CANBERRA, Australia (AP) – Australian laws that force Google and Facebook to pay for news are ready to take effect, although law architects say it will take time for digital giants to conclude media deals.
Parliament on Thursday passed the latest amendments to the so-called news media negotiation code, which were agreed upon by Treasurer Josh Frydenberg and Facebook CEO Mark Zuckerberg on Tuesday.
In return for the changes, Facebook has agreed to lift the ban on Australians accessing and sharing the news.
Rod Sims, the competition regulator who drafted the code, said he was pleased that the amended legislation would address the market imbalance between Australian news publishers and the two gates of the internet.
“All signals are good,” Sims told Australian Broadcasting Corp.
“The code is intended to address market power that is clearly in the possession of Google and Facebook. Google and Facebook need media, but they don’t need a special media company, and that meant media companies couldn’t make commercial deals, ”the chairman of the Australian Competition and Consumer Commission added.
The rest of the laws were passed in Parliament before, so they can now be implemented.
Google has already closed the largest Australian news businesses in recent weeks, including News Corp. and Seven West Media.
Frydenberg said he is pleased to see Google and, more recently, Facebook making progress in concluding trade agreements with Australian news businesses.
But Country Press Australia, which represents 161 regional newspapers across the country, has expressed concern that small publications outside major cities could be left out.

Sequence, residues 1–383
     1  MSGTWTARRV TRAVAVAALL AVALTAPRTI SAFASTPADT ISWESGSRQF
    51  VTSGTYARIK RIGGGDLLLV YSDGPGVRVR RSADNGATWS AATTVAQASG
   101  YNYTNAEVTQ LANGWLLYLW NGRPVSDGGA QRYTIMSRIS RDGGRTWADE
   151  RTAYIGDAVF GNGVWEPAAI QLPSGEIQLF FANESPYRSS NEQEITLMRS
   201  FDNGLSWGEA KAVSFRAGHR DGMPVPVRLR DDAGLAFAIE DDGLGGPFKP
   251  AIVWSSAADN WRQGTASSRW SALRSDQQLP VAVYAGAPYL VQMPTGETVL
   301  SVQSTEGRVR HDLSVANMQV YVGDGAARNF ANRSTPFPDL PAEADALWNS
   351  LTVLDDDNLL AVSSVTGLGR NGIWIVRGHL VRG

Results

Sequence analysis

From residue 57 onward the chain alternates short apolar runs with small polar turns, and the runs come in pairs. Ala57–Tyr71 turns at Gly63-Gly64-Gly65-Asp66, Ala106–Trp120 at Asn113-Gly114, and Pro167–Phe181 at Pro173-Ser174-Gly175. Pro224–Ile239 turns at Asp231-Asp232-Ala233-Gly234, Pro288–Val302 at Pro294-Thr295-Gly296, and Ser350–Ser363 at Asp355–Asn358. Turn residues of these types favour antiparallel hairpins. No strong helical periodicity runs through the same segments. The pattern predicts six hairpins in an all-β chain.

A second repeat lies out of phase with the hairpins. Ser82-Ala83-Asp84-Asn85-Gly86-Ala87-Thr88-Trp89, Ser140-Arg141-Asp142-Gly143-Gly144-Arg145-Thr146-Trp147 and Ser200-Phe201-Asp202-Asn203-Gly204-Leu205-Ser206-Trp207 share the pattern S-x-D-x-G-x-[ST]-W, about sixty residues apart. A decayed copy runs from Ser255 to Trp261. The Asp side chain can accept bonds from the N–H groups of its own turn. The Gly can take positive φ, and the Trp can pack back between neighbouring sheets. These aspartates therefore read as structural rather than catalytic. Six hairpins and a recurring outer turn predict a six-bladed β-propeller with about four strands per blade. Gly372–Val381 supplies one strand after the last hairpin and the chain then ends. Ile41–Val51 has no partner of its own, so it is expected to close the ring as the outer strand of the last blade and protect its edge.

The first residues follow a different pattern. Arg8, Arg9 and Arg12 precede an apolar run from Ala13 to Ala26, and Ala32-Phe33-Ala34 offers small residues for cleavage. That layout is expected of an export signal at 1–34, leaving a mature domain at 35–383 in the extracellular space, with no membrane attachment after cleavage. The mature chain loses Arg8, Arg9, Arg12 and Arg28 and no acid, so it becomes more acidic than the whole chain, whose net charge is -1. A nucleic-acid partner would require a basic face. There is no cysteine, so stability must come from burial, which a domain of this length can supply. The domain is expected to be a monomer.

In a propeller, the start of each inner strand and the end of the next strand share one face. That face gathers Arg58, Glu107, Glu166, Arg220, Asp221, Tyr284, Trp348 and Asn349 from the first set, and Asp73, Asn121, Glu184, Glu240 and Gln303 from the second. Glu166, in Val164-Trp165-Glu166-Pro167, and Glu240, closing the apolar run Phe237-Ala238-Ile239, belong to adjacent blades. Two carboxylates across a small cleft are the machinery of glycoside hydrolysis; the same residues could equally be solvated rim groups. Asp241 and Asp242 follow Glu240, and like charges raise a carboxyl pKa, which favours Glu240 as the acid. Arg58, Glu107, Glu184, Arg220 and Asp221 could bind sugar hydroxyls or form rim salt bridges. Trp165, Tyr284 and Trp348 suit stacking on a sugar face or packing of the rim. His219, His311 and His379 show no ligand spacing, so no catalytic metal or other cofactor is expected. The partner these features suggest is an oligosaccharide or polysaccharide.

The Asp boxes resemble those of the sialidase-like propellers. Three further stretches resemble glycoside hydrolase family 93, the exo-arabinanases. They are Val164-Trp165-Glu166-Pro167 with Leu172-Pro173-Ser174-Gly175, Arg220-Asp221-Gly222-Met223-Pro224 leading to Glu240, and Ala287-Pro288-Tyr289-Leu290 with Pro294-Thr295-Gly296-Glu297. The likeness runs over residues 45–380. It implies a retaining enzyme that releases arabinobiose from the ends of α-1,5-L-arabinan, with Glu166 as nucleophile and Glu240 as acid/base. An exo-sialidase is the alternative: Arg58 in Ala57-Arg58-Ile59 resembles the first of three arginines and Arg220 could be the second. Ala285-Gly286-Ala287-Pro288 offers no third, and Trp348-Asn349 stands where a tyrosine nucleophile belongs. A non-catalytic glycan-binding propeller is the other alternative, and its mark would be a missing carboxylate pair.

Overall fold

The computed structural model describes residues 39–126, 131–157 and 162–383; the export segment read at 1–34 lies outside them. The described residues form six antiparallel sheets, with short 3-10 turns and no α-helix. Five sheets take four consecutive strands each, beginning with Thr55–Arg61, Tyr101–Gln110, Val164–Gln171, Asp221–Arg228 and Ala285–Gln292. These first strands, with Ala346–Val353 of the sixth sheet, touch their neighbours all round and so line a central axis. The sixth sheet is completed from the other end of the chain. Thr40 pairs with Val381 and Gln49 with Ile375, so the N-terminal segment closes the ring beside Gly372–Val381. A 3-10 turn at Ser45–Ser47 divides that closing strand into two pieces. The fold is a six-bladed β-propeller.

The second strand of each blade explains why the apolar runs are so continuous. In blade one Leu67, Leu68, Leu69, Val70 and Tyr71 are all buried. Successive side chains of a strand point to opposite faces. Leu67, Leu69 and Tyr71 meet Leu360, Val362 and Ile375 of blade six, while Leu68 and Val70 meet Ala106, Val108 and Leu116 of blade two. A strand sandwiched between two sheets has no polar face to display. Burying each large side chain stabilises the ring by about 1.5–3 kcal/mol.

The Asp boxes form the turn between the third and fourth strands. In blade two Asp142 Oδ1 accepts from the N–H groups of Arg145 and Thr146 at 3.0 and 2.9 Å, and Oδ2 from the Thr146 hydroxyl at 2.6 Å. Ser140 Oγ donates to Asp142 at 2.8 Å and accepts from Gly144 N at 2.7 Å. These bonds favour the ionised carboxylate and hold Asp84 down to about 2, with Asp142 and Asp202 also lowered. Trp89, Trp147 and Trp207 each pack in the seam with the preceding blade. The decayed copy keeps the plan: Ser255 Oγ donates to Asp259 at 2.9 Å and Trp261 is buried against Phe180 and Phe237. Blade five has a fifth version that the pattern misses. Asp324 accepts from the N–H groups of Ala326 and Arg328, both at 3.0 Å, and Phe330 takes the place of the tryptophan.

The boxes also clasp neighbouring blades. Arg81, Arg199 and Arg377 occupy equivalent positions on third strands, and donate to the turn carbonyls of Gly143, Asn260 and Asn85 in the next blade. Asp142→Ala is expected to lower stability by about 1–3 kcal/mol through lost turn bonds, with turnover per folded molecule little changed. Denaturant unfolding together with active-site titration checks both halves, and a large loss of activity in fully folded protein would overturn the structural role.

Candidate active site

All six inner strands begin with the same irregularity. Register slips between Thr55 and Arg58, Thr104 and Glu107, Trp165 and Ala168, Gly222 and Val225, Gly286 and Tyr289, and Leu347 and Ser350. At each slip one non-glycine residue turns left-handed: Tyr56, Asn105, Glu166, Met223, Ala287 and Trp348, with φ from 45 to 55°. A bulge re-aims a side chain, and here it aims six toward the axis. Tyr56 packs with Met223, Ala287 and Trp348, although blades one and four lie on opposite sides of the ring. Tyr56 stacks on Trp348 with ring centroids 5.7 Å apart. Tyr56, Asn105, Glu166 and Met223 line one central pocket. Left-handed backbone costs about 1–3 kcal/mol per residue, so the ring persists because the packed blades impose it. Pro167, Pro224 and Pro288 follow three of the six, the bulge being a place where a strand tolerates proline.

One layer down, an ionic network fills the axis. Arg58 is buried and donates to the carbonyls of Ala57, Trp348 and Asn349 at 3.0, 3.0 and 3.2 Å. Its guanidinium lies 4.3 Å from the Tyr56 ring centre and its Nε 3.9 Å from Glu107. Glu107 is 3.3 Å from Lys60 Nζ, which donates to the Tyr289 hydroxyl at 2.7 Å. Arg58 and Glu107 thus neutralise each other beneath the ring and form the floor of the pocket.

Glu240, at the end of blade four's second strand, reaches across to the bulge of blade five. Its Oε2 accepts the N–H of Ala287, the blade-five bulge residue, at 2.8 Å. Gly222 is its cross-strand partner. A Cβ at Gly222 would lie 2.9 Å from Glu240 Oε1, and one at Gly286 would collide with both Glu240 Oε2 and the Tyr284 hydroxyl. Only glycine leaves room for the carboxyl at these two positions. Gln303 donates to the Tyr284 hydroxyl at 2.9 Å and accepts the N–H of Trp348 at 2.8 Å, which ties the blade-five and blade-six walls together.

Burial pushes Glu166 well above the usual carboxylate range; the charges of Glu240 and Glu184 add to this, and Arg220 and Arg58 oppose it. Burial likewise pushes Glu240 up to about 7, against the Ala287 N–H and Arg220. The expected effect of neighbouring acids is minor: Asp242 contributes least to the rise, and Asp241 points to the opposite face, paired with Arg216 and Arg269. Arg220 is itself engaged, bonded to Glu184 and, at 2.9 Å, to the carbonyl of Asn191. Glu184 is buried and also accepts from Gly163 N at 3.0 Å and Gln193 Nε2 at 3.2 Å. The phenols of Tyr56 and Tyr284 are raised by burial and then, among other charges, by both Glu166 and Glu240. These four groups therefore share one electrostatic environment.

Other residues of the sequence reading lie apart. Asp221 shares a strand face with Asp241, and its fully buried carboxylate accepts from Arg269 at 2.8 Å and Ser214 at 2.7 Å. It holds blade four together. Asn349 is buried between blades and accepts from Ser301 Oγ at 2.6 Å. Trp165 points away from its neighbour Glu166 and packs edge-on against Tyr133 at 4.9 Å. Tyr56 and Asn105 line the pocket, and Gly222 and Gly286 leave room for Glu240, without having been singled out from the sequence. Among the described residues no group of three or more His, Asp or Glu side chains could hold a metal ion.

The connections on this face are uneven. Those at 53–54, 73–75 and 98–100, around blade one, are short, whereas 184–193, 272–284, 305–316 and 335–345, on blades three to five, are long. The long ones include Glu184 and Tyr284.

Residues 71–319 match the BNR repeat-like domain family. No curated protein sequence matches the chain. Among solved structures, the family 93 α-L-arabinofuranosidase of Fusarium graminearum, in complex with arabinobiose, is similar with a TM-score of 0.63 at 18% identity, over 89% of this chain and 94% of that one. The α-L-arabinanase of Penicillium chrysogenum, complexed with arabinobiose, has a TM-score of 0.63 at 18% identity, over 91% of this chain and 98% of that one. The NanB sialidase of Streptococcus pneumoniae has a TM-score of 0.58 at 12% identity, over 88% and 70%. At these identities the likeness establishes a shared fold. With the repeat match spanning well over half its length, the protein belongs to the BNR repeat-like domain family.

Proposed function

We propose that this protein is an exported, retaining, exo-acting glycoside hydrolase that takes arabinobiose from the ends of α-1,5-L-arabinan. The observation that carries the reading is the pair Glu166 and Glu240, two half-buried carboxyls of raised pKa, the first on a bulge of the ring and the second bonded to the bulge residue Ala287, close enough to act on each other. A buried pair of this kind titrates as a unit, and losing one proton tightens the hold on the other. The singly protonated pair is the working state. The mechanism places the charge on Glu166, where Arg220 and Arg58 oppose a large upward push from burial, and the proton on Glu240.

Sims said he was not surprised that the platforms would first enter into an agreement with metropolitan businesses.
“I see no reason for anyone to doubt that all journalism will benefit,” Sims said.
“There, things take time. Google and Facebook don’t have unlimited resources to chat with everyone. I think it has a long way to go, ”he added.
Chris Moos, a lecturer at Oxford University’s School of Economics, said the latest changes meant Zuckerberg’s “small victory”.
Moos said the legislation is likely to result in small payments to most Australian news publishers. But Facebook could block Australian news again if talks break.
The legislation was intended to curb the oversized bargaining power of Facebook and Google in their negotiations with Australian news providers. Digital giants would not be able to abuse their position by making an offer to news companies to “take it or leave it” for their journalism. Instead, in the event of a standoff, the arbitration panel would make a binding decision on the winning bid.
Frydenberg and Facebook have confirmed that the two parties have agreed to amend the proposed legislation. The changes will notify digital platforms with a one-month notice period before they are officially designated under the code. This would give stakeholders more time to conclude mediation agreements before they are forced to enter into binding arbitration agreements.
Campbell Brown, Facebook’s vice president of news partner relations, said in a statement that the deal will allow the company to choose which publishers to support, including small and local publishers.
According to Frydenberg, his department will review the code within a year to “ensure that it produces results that are in line with the government’s political intent”.